Archive for 3D printer heated tray

Stick this! Adhering a 3D print is key during printing

3d printing-lifted corner - Kevin CaronOne of the challenges of 3D printing that I think – knock on wood – I’ve finally worked through is adherence to the print tray.

There’s nothing more frustrating than having a 3D print come loose from the tray while a print is underway, and it’s something that’s happened to me far more times than I even like to think about.

The Cerberus 3D Gigante’s large format prints are particularly prone to this problem – I have a few large prints the corners of which have “flipped up” slightly because they cooled faster than the rest of the print. See an example to the right – fortunately in this case, it works with the concept and theme of the sculpture!

Sometimes, though, a lifted corner ruins the print altogether.

Other times, on any of my printers, a 3D print simply comes loose from the print tray – then it’s game over.

But I’ve learned a few things and updated some to improve my quality and finish rate ….


My 3D Systems CubeX came with some sticky stuff that I used on that 3D printer until I got my Cerberus 3D machines, when I learned about using hairspray. Yes, hairspray. (I’m sure they wonder at the grocery store when I buy three or four cans of Suave Extreme Hold hairspray. I just smile.)

Suave Extra Hold Hair Spray - 3D printingI still use hairspray – more on that in a moment – but I’ve gotten away from using blue tape. That was the other trick I learned when I got my Gigante. I’d apply painters’ blue tape – the kind that is supposed to release easily – to the print tray, pressing down just as hard as I could. It worked sometimes, but not always. Also, not all blue tape is created equally, apparently.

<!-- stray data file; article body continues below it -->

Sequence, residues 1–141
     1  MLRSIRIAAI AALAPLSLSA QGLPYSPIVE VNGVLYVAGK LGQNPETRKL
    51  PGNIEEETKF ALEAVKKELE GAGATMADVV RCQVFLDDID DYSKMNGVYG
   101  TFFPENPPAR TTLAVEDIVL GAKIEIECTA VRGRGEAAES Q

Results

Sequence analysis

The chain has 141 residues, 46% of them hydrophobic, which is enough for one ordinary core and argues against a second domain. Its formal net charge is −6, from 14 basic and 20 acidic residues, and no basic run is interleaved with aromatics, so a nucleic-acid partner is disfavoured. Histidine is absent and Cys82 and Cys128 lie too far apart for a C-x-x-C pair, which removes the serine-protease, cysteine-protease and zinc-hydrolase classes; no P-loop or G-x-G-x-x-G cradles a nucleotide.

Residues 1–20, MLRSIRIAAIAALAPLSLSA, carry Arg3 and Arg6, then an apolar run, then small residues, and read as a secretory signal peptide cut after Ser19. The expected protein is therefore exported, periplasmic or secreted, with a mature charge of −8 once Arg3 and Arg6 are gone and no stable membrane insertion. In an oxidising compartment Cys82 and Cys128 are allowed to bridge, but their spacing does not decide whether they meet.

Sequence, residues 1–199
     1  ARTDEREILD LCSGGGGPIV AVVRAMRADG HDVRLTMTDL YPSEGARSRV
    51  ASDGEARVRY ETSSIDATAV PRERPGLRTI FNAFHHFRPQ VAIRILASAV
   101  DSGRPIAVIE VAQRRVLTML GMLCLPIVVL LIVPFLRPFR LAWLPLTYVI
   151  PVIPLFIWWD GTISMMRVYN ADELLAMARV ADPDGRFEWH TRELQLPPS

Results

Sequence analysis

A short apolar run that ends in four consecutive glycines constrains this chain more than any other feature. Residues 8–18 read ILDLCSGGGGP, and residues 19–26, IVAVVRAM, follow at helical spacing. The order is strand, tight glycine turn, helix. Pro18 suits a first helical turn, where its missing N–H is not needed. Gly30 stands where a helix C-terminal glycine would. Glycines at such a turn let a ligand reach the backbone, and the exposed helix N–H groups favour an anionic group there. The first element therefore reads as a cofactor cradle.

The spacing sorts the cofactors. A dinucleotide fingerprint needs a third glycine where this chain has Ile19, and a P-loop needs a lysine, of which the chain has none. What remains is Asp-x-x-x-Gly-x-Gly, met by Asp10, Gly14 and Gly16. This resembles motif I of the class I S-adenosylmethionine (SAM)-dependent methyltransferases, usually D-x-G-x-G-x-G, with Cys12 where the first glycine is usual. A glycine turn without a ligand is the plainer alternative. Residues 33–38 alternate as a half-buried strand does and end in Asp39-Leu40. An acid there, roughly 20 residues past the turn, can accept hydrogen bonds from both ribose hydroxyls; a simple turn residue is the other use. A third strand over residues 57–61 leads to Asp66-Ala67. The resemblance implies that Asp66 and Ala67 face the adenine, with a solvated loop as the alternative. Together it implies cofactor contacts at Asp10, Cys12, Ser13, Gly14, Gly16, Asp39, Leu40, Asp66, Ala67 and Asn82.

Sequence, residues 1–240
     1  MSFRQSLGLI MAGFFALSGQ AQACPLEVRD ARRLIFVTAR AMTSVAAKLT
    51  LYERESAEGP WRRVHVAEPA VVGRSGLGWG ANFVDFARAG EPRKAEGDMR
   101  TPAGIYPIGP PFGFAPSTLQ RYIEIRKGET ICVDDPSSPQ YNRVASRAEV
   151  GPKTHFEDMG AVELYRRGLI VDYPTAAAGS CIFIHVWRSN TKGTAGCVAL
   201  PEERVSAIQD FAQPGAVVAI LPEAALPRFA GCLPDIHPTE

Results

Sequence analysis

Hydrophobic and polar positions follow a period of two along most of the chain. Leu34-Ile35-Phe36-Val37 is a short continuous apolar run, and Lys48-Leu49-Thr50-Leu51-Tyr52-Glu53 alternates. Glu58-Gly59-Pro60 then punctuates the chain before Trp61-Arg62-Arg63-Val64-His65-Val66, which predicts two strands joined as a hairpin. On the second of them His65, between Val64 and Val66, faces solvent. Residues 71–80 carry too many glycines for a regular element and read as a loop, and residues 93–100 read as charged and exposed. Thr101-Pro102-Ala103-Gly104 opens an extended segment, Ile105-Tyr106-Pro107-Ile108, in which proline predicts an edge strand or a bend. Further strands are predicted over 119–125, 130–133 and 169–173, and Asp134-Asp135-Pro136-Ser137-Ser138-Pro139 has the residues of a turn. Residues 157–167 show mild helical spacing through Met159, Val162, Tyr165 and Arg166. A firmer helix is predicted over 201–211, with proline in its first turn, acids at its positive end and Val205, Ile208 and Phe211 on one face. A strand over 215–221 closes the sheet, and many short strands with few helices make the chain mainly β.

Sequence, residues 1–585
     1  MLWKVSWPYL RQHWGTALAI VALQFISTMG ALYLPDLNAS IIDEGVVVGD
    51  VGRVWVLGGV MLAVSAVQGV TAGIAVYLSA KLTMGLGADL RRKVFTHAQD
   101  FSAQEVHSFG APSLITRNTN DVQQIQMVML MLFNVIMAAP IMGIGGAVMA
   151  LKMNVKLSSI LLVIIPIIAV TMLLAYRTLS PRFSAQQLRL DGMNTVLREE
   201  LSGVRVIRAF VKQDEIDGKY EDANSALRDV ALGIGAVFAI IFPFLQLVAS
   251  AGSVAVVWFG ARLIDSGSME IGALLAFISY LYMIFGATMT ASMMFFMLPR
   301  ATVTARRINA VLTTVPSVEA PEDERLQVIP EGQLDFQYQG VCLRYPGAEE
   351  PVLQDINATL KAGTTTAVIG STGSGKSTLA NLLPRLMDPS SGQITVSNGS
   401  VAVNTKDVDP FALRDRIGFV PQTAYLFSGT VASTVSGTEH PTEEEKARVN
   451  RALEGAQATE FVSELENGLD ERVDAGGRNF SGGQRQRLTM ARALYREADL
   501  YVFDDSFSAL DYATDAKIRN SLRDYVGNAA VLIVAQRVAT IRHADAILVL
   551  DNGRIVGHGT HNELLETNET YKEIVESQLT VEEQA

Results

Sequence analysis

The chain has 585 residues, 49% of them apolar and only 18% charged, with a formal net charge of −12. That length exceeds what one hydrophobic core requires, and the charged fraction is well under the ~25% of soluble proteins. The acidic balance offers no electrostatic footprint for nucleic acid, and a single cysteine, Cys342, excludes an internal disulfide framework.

I don’t like the blue tape because

  1. It is hard to get off the tray
  2. It’s especially difficult to get off the sculptures
  3. It doesn’t always seem to work.

What seems to work best is a heated tray. That’s why I added one to my CubeX and another to the Gigante. 3D prints adhere much better with heat! I don’t think I’ve had a problem with large format prints lifting up since I installed the heated tray on the Gigante.

Of course, you don’t just use heat. Before I start a 3D print, I also clean the print tray well, then spray it liberally with hairspray before I start printing.

Of all the challenges with 3D printing, I think – THINK – I have this one licked.

Turning up the heat

Turning up the heat - 3D printing blog post, Kevin CaronIn these “Model T” days of 3D printing, which we will someday look back at fondly once everything is figured out, I spend more time than you might think tweaking, replacing, fixing things to make my printers work better.

You’ve read about a number of these changes, especially on my 8-foot-tall Cerberus 3D Gigante 3D printer, which Steve Graber made after I asked him, “Can you make a really big 3D printer?”

I wrote in a previous post about trying to create a heated bed on this monster, with its 34″ print tray. Well, the heating pads just weren’t cutting it, so I came up with an entirely different solution and this time – I’m knocking on wood right now – I think I’ve figured it out ….

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Embracing the obvious

Jacob Graber, adjusting the Cerberus 250 printer in Kevin Caron's office

Jacob Graber, adjusting the Cerberus 250 printer in Kevin Caron’s office

In jumping back and forth with three different 3D printers – yeah, an embarrassment of riches – I have had to learn and remember each 3D printer’s idiosyncrasies.

Yes, there are more similarities between the Cerberus 3D’s two deltabot style printers, the 250 (right), which sits on a desktop, and my Gigante, which is 8 feet tall and can print up to 4-1/2 feet tall, but they each also have their own preferences.

(Yes, I think they’re alive, but that’s another post ….)

One advantage of having different 3D printers, though, is that I learn from them, or at least I should ….

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